Calculus: Organizing techniques of integration

introduction & overview

The purpose of this notebook is to organize the useful techniques of integration which are taught in freshman calculus and then presumed known (ha!) at the beginnings of a course in ordinary differential equations.

Heads up: I’m going to mention hyperbolic trig functions, but until you meet them, they are not relevant and you should ignore them. I’m just trying to be thorough, but I fear that I might be confusing. So I’m going to mention them in the details, but omit them from the summary.

First off, there are three categories of integrals:

  1. known
  2. special techniques
  3. general techniques

Here it is in a nutshell: If an integral is on the “known” list, you’re wasting time trying to use special or general techniques. if an integral can be done using special techniques, you’re wasting time using general techniques.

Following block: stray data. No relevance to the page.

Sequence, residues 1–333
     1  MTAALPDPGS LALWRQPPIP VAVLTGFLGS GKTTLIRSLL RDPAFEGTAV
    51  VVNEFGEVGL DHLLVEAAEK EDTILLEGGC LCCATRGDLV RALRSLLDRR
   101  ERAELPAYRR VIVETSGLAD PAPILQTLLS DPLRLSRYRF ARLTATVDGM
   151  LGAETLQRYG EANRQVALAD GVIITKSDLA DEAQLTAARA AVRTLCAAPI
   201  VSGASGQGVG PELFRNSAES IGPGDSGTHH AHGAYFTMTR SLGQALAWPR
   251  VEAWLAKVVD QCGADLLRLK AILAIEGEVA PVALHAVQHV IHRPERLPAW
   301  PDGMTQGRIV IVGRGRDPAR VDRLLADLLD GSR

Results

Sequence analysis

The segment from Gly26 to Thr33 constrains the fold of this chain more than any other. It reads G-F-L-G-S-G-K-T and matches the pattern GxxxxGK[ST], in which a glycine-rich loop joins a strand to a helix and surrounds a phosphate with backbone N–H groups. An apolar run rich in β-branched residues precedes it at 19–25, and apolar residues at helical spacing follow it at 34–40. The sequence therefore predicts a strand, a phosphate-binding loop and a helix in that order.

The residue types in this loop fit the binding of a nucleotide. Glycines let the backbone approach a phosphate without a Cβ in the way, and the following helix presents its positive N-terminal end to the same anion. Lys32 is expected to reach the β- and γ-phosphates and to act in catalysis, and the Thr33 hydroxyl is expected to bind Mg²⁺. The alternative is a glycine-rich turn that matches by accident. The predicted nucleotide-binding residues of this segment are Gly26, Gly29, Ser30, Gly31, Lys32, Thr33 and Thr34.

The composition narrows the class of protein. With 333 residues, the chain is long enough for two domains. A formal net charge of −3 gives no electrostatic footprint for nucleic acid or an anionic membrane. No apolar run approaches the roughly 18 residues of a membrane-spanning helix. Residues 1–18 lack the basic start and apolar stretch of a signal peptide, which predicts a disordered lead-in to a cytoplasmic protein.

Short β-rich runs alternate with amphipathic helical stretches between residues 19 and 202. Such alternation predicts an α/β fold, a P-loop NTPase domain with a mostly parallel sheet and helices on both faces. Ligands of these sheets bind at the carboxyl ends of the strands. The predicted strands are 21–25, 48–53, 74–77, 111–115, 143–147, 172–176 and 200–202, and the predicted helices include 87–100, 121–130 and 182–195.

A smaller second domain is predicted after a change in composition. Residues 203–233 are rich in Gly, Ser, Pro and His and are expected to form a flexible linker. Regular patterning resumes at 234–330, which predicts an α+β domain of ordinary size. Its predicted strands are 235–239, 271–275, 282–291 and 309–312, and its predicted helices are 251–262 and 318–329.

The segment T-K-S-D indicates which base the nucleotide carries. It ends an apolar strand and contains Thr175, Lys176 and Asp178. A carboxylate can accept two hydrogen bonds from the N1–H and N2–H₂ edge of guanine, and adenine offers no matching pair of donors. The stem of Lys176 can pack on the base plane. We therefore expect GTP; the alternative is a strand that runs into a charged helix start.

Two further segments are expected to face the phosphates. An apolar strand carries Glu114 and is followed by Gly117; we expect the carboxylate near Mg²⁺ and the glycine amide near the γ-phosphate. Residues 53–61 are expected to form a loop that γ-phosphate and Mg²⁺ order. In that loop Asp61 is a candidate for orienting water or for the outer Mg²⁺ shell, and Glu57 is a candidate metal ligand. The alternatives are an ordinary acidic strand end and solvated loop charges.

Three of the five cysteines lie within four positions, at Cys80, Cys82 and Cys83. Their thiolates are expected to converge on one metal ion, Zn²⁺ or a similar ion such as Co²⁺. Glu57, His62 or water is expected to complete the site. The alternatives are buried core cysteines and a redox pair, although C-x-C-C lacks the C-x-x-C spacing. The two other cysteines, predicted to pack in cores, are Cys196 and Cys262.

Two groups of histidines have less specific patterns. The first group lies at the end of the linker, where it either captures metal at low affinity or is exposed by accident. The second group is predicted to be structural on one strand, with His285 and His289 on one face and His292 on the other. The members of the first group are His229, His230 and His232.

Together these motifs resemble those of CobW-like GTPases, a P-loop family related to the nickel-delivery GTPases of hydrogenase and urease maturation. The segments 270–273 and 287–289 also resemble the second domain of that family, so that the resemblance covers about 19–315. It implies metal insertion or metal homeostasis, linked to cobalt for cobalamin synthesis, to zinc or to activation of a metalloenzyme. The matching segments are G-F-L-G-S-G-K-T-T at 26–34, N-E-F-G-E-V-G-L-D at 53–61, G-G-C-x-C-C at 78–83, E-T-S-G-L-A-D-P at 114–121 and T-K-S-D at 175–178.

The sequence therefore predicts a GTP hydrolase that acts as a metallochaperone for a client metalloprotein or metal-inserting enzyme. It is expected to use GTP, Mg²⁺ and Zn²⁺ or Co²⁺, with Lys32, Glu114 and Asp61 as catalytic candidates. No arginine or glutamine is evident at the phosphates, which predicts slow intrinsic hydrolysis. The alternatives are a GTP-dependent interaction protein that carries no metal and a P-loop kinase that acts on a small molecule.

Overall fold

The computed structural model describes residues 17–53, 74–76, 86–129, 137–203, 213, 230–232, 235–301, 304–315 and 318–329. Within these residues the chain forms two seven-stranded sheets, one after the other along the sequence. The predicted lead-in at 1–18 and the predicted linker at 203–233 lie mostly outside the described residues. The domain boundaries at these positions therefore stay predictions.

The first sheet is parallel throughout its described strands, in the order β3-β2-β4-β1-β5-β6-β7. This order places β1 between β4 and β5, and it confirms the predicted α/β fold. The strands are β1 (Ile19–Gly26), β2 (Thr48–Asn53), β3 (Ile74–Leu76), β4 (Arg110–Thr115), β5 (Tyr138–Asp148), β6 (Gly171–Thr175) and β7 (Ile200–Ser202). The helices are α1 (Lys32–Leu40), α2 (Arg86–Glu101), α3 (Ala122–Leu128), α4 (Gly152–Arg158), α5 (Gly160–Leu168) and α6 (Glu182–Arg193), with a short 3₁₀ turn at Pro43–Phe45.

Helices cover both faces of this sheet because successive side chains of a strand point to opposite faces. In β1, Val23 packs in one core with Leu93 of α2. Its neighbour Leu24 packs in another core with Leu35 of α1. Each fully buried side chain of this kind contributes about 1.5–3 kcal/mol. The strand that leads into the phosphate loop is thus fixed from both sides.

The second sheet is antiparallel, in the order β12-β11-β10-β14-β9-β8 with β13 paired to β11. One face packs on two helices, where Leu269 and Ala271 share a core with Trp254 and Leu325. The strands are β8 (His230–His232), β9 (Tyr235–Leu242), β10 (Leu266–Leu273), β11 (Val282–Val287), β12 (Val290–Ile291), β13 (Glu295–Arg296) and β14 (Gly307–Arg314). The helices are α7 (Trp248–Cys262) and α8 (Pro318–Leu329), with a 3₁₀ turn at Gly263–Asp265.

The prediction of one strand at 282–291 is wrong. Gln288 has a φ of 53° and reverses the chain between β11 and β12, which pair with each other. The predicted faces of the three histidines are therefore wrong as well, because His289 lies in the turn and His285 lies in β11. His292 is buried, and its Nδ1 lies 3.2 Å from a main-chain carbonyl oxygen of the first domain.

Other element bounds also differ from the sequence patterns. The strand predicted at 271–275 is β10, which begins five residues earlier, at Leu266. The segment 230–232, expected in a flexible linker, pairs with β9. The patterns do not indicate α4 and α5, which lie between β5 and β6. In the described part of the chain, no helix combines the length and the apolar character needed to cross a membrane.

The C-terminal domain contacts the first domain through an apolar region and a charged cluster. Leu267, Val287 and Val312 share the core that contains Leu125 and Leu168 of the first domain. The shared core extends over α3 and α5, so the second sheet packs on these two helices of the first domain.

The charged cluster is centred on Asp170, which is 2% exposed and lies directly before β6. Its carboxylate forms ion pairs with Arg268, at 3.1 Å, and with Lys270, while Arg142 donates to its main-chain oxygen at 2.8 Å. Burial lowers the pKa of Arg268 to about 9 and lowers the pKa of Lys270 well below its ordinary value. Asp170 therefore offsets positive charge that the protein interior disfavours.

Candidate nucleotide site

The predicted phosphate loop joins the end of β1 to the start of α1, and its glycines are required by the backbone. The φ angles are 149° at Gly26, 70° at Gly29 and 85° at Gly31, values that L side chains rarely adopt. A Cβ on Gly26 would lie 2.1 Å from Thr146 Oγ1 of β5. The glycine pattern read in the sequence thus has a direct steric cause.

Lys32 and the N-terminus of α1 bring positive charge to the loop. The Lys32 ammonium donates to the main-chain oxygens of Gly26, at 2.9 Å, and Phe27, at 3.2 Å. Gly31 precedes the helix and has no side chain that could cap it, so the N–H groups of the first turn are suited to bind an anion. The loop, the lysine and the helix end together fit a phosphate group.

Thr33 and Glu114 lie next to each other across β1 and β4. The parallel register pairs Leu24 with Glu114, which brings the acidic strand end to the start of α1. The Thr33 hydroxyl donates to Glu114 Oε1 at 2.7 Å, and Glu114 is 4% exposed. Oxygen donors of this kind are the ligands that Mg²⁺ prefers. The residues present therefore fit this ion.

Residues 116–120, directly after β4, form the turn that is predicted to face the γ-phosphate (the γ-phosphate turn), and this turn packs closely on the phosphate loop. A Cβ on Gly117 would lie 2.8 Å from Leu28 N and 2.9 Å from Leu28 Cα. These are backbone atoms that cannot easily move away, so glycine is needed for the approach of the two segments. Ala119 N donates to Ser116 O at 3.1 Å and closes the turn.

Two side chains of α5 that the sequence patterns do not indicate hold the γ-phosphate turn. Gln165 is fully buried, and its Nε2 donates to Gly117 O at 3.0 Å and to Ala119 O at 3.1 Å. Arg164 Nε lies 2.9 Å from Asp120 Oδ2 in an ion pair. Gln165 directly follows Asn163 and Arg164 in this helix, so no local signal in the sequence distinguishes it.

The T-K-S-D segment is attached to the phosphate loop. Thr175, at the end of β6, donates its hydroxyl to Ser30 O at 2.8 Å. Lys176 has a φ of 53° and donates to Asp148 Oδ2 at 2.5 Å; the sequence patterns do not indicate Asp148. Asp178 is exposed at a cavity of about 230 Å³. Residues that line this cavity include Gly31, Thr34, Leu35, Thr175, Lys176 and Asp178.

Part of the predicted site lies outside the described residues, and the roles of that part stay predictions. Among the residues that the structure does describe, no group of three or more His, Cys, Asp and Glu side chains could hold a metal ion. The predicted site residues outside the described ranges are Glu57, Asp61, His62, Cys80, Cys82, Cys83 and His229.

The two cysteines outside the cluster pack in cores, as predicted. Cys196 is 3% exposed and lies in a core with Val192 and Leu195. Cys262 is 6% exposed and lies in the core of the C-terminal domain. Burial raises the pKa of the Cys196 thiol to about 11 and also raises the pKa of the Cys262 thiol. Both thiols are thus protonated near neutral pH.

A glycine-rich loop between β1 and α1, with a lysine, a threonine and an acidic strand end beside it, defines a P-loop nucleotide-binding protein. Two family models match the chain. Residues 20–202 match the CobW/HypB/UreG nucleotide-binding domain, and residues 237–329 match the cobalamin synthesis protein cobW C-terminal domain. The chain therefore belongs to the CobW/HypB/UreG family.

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Calculus: where did e come from?

I assembled the following in response to a question from a calculus student. What he asked was literally, “Who first found e?” What he was really asking, I suspect, was more along the lines of: “Where the heck did e come from, and how on earth did anyone find it?”
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